Carpets: Indigenous carpets are made at recently established factories in Phuntsoling and Phobjika. Traditionally, most carpets were imported from Tibet.

Clothes: In Paro, Thimphu and Phuntsoling there are a number of stores selling ready-to-wear Bhutanese garments in traditional patterns. The gho worn by men is a loose fitting coat, similar to a dressing gown, which is tied at the waist by a narrow cumber band (kera) and worn knee-length, with a long-sleeved shirt and short pants underneath, and long woollen socks. The kira, worn by women, is a tighter fitting garment, secured to the shoulders by a pair of silver broaches and bound at the waist by a wide belt. It is worn ankle-length, with a long-sleeved blouse (wangju) underneath and a short-length jacket outside. Formal dress code requires both men and women to wear a ceremonial scarf over the left shoulder. The male version, known as the kabney, and the female version, known as the rachu, are both made of silk. The colours of the ceremonial scarves worn by men denote rank and status. Traditional headwear made of bamboo, yak hair, brocade and felt is also for sale.

Furniture: Wooden cabinets, tables and altar shrines carved and brightly painted with traditional motifs are for sale in the larger towns. Most can be exported in sections for assembly.

Jewellery: Traditional Bhutanese jewellery is similar to Tibetan jewellery, and includes amulet boxes, necklaces, broaches, rings, earrings, and hair-ornaments, inset with red coral, blue turquoise or yellow amber stones. Men often prize small ornate cases used for carrying betel nut (paan or doma). There are a few good outlets in Thimphu but much of the jewellery on sale in the markets is of poor quality or else manufactured in Nepal-- particularly the finely worked filigree silver and white metal pieces.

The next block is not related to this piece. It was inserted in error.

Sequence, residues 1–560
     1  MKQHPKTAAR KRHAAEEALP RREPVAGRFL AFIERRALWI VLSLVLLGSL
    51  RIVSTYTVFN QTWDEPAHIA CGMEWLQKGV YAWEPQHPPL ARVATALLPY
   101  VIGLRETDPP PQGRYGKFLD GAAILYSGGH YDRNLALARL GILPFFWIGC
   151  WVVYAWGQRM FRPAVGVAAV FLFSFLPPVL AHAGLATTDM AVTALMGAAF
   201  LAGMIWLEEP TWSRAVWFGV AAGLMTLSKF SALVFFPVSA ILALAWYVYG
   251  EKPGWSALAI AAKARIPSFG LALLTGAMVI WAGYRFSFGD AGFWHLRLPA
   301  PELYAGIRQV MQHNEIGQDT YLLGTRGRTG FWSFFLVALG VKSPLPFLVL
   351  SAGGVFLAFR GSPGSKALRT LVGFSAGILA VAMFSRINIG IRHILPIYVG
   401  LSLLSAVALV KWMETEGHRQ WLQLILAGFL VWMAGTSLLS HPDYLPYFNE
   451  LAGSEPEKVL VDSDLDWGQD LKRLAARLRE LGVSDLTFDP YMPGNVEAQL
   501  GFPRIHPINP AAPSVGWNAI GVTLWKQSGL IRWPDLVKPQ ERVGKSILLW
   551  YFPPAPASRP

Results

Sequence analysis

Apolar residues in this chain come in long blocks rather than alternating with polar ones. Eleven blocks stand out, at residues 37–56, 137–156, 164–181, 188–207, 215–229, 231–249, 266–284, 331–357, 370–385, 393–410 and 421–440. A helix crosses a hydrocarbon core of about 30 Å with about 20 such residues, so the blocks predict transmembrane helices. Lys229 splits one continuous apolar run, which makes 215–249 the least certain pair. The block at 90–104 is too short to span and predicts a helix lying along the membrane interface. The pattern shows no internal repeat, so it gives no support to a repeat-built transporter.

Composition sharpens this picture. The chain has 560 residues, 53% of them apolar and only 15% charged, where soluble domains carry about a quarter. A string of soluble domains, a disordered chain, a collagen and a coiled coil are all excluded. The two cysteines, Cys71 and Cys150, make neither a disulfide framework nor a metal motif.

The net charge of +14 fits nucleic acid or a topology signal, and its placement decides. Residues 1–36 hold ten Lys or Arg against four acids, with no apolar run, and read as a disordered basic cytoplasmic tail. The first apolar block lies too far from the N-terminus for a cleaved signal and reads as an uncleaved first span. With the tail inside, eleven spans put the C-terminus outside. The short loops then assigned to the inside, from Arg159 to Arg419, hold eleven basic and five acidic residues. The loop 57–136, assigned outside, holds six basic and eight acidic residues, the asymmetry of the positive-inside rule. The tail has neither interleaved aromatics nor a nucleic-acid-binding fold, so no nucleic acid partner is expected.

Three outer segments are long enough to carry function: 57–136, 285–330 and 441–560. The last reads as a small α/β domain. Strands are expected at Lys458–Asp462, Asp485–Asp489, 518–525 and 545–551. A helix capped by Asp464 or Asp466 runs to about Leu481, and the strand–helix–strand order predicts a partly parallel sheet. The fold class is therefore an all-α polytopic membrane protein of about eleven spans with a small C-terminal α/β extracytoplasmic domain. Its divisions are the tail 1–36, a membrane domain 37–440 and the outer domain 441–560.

Masks: Masks similar to those worn by performing monks during the Tsechu and Drubchen dances are available in handicraft stores.

Metalwork: Some of the best items available include intricately carved swords and knives with elegant scabbards and hilts, which are almost impossible to export, even in checked baggage, following the events of 9/11.

Offering scarves: Silk and cotton scarves (katak), usually white in colour but also red, blue, yellow or green, are sold to pilgrims and devotees for offering in temples or to important teachers, as well as to the public for important secular events, including marriage ceremonies, departures and arrivals.

Paintings: Modern painted scrolls (tangka) sewn in brocade are available from the National Handicraft Centre in Thimphu, and other shops. Prices vary according to the size and complexity of the subject, and the larger tangkas can cost in excess of US$ 500. Generally speaking, it is better to commission a painted scroll from one of the more reputable artists at the National Institute for Zorig Chusum, in order to ensure that the iconography is accurate.